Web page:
No free education, ever? Not so fast, news media, photo via Flickr
It was surprising to hear reports that Parti Québécois higher education minister Pierre Duchesne on Sunday had definitively ruled out free education as a point of discussion in the summit on higher education this Feb. 25 and 26.
Surprising because Duchesne never said any such thing. Yet almost every news outlet in Quebec put out that particular spin, with the Journal de Montréal even putting it in quotation marks in its headline over a story — «La gratuité n’est qu’un rêve » –Le ministre Duchesne. In the text that follows, Duchesne never says free education is “nothing but a dream.” What he said is this:
“Free education seems to us to be more of a long-term ideal than a concrete measure in the current context.”
I’m willing to bet that even many of the students who protested tuition hikes last year won’t find much to disagree with there. After all, free education has been a goal of the Quebec student movement since the 1960s, so long-term is a pretty apt description. Last year’s fight was to maintain the tuition freeze, not a battle for free education.
For a government minister to call free education “a long-term ideal” is actually a huge leap forward compared to previous governments, Liberal or péquiste.
Duchesne went on to say: “We look to increase accessibility to education as much as possible (so) that institutions of higher education are no longer reserved for the sons and daughters of the rich. Free education is not the only nor the strongest response to that.”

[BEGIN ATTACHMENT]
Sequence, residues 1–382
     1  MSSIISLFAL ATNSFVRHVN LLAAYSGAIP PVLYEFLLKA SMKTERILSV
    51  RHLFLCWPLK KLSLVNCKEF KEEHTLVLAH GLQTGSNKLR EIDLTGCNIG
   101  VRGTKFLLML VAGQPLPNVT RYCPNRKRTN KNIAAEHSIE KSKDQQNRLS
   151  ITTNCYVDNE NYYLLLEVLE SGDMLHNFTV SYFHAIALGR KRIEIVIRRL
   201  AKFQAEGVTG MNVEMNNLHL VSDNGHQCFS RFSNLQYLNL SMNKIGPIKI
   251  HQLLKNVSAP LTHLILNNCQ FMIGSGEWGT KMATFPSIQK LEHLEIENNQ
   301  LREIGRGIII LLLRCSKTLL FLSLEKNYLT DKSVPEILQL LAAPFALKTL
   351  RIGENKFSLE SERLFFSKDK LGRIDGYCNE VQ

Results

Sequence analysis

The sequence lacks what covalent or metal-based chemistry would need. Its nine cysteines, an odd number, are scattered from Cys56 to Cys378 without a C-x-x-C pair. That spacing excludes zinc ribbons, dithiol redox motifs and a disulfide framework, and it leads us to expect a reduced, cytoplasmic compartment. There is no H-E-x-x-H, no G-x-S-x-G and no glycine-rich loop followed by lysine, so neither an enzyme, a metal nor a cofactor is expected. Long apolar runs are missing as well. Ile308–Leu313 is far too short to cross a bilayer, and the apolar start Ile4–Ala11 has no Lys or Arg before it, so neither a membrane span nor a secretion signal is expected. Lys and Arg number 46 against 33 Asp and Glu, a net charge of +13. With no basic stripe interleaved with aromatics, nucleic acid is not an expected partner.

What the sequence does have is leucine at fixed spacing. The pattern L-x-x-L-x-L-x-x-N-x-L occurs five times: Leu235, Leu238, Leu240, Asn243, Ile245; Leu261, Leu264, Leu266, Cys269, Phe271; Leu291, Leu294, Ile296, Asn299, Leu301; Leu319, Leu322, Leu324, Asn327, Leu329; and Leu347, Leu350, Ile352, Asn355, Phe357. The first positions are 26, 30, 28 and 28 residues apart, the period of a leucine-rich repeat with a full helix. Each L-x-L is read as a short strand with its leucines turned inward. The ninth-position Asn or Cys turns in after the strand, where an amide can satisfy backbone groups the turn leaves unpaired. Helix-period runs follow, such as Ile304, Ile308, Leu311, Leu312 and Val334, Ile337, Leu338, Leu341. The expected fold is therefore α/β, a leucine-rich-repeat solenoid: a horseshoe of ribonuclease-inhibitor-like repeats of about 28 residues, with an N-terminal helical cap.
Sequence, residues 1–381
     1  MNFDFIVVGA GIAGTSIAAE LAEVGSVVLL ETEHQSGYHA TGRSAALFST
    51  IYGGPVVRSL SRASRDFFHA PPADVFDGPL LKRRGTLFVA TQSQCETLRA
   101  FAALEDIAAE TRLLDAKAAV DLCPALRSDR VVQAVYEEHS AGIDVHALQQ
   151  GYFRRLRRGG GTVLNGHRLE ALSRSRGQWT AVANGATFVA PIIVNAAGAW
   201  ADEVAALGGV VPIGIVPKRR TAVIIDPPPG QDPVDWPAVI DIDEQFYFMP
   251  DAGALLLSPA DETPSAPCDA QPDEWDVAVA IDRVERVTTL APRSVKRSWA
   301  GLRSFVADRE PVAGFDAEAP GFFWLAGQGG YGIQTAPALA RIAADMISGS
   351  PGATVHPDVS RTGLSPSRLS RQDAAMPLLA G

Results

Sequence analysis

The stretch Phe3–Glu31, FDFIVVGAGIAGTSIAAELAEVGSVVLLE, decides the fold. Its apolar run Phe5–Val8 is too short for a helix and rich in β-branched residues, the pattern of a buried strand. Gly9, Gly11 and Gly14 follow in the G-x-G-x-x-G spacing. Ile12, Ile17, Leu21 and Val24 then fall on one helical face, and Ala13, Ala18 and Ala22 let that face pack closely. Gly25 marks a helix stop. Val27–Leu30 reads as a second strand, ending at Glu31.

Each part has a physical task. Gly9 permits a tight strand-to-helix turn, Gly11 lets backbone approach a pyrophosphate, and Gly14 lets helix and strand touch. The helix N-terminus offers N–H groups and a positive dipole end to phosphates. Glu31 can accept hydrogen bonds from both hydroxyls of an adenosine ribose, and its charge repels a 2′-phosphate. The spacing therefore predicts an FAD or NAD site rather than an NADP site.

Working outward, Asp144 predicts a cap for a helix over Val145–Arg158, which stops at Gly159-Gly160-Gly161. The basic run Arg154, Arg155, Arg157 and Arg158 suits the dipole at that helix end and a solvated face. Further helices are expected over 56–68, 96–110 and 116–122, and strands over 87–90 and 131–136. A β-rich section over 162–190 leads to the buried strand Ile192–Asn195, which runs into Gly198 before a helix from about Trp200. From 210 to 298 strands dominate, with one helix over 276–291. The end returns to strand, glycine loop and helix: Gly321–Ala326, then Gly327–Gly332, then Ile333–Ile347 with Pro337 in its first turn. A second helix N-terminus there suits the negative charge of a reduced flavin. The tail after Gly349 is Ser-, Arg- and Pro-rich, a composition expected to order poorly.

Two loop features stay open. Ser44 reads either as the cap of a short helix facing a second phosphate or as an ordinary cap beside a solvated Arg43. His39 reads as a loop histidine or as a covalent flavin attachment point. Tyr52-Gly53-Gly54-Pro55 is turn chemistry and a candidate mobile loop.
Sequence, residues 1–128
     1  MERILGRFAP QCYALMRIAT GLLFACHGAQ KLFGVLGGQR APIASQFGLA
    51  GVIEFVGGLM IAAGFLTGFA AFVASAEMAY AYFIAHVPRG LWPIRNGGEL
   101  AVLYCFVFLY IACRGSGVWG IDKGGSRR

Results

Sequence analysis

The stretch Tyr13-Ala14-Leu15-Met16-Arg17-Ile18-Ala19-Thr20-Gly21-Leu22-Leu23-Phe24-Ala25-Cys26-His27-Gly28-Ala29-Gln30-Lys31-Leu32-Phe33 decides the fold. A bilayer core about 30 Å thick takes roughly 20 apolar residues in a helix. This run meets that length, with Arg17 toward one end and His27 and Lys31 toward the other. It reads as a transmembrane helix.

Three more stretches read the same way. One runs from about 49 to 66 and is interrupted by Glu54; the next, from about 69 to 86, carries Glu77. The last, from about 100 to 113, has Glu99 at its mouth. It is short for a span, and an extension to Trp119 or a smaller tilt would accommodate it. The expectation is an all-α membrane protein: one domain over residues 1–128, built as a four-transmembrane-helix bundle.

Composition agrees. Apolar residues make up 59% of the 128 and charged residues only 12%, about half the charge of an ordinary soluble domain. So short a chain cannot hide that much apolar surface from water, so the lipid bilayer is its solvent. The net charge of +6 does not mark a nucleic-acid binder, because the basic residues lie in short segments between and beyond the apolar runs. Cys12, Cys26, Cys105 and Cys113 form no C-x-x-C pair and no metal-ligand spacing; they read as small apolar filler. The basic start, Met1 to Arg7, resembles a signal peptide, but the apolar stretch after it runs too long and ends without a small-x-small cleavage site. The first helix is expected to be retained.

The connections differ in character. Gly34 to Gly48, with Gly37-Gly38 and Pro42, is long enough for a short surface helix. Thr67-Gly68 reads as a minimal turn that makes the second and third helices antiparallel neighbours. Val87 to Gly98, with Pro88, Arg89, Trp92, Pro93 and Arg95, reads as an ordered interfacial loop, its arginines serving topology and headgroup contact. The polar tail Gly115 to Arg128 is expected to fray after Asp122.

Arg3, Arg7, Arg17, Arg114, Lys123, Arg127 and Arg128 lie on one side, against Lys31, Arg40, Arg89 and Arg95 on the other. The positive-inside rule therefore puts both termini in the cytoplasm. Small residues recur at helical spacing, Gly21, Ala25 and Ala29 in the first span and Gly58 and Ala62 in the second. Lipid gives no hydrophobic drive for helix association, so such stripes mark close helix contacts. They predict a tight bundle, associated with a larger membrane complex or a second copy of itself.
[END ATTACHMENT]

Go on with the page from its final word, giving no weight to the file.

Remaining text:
I wouldn’t call that a rejection of student goals. Because despite the attempt to describe student protest actions as selfish, the goal has always been long-term accessibility. Indeed, the people who will benefit most from the decision to cancel the fee hike are 14 years old or younger right now. To describe student protesters as selfish is ridiculous. The selfish ones are the people who graduated in the last 20 years with a low-cost education but don’t want the same for the following generations.
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Of course, after distorting Duchesne’s comments, several media outlets immediately called up the people they like to label as “the most radical student group” (i.e.: not credible) for a reaction to what he supposedly said.
The Association étudiante pour une solidarité syndicale étudiante (ASSÉ) obliged, immediately denouncing the things Duchesne never said, adding that they would boycott the summit if students couldn’t talk about free education.
“The minister has just excluded Quebecers who courageously defended this vision of society (projet de société) during and following the Maple Spring,” announced CLASSÉ spokesperson Jérémie Bédard-Wien. The group then threatened to boycott the meeting because of what the minister never said.
Well played, mainstream-media-that-hates-protesting-students-and-has- demonstrated-it-time-and-time-again-in-its-highly-biased-coverage-of-the-tuition-conflict. Well played.
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The summit on higher education is one of the several concrete results that the “Maple Spring” had produced. Most of the parties involved — universities, student associations, professors and government — are taking it seriously, hoping that dialogue, even divisive dialogue, can help lead the higher education system out of a morasse that has been crippling it for years. The tuition debate is just the tip of an iceberg, and it should not be allowed to sink the ship.
Unfortunately, most of the mainstream media are acting like cheerleaders for failure.
The deliberate — you can’t call it anything else — distortion of Duchesne’s comments demonstrates a desire to create conflict within the student movement and pit others against students. But if you’ve been paying attention this past year, that comes as no surprise. ■
Peter Wheeland is a Montreal journalist and stand-up comic. His sardonic observations about the city and province appear at least once a week in this space. Follow him on Twitter, or find out about his upcoming stand-up performances here.